Ury, Lesser

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URY, LESSER

URY, LESSER (1861–1931), German painter. Ury, who was born in Birnbaum, Prussia, went to Berlin at the age of 12 and two years later was apprenticed to a clothing merchant. When he had saved enough money, he began to study art, first in Duesseldorf and then in Brussels and Paris. A prize from the Berlin Academy enabled him to train further in Italy. Although he was something of a vagrant, Ury made his headquarters in Berlin from 1886 and there led a poverty-stricken, asocial life until he was over 60. It was only then that his melancholy paintings of city streets in stormy weather began to sell for high prices. He was a versatile artist and some of his earlier works, particularly his landscapes and his flower studies, achieved a glow of color that anticipated the goal of the expressionists. He produced drawings, lithographs, and etchings, but his finest works were his pastels. Ury repeatedly attempted ambitious subjects on a monumental scale, some of them suggested by events in contemporary Jewish life. His Jerusalem is a study of refugees from czarist Russia at the turn of the century sitting aimlessly on a bench, staring into nothing. The most famous of his somewhat theatrical biblical paintings, Jeremiah – the brooding prophet reclining under a vast, star-studded sky – is in the Tel Aviv Museum. Ury's fame had spread far beyond Germany. The retrospective exhibition arranged by the Berlin National Gallery to celebrate his 70th birthday turned into a memorial exhibition. After World War ii, West Germany tried to repair the damage done to his reputation in the Nazi era with several comprehensive shows.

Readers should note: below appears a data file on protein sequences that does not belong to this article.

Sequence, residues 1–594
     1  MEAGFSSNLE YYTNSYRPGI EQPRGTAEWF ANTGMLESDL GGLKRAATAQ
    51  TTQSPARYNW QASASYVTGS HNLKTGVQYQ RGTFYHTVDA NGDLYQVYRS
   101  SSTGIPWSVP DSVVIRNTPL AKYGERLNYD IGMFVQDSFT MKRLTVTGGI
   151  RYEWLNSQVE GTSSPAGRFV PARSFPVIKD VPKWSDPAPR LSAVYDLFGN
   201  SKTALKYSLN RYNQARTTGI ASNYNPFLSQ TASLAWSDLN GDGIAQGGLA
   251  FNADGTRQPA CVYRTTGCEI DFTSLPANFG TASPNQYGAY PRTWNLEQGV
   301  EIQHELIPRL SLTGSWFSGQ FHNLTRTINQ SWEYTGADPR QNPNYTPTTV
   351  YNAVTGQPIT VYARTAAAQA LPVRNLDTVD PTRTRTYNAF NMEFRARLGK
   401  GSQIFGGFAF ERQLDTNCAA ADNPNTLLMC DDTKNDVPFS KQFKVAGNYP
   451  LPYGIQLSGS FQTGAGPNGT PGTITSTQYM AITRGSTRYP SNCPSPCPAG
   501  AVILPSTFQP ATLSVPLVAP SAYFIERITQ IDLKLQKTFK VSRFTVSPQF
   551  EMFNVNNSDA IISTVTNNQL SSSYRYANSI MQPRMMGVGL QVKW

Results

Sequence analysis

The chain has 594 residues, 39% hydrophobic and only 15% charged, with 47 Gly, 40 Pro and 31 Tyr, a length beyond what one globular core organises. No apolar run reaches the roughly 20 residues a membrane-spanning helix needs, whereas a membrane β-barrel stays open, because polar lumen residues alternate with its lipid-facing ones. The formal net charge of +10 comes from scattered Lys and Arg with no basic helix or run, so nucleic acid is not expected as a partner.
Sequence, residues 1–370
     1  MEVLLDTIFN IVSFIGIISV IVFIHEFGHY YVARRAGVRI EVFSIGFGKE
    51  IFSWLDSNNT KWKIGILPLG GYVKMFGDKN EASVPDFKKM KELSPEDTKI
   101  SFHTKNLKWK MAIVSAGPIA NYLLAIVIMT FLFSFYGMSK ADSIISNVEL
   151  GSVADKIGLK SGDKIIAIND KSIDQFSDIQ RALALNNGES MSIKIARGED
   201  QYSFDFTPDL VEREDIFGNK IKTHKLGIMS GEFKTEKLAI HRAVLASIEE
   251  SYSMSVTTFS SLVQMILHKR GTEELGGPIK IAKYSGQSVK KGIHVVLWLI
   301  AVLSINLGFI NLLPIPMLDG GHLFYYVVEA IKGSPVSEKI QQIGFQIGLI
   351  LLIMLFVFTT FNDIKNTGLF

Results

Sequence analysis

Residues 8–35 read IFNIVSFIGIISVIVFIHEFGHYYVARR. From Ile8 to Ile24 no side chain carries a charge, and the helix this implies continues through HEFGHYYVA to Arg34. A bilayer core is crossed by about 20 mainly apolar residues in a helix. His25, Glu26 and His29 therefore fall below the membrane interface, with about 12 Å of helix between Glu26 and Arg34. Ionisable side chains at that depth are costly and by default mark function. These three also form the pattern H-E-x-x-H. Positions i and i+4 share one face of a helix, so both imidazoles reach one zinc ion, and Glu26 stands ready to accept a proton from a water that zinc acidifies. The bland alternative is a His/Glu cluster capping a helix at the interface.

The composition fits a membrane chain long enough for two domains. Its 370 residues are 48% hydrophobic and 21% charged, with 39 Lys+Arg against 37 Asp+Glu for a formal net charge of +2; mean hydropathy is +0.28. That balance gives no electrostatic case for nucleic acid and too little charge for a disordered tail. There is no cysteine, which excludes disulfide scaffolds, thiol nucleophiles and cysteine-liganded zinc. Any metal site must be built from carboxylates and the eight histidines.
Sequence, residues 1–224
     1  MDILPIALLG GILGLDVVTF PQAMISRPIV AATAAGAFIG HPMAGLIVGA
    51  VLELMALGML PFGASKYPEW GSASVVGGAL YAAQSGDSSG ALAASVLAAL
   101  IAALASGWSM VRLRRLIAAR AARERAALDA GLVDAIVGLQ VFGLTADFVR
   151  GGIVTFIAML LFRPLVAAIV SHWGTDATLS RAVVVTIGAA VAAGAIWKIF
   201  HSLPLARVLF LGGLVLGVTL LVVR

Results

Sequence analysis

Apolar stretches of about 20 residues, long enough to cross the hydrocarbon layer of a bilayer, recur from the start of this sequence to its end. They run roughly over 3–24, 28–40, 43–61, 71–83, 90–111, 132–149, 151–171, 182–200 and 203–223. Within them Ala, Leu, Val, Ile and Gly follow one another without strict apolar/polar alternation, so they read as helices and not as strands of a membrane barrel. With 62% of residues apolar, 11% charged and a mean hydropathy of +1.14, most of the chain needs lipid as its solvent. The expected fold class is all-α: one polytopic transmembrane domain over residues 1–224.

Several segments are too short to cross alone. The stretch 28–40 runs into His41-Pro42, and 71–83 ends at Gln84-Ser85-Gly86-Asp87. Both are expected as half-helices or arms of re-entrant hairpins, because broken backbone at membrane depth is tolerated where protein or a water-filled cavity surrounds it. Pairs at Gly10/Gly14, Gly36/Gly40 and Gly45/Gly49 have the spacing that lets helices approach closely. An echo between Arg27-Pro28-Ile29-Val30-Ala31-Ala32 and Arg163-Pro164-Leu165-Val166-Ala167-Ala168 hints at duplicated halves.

bibliography:

A. Donath, Lesser Ury (1921). add. bibliography: D. Rosenbach (2002); H.A. Schlögl, Lesser UryZauber des Lichts (1995); C.C. Schuetz (ed.), Lesser Ury. Bilder der BibelDer Malerradierer. Brochure for the exhibition at the Käthe-Kollwitz-Museum Berlin and in the "Neue Synagoge Berlin – Centrum Judaicum" Foundation (2002); J. Seyppel, Joachim: Lesser Ury. Der Maler der alten City. LebenKunstWirkung (1987; with catalogue raisonné).

[Alfred Werner]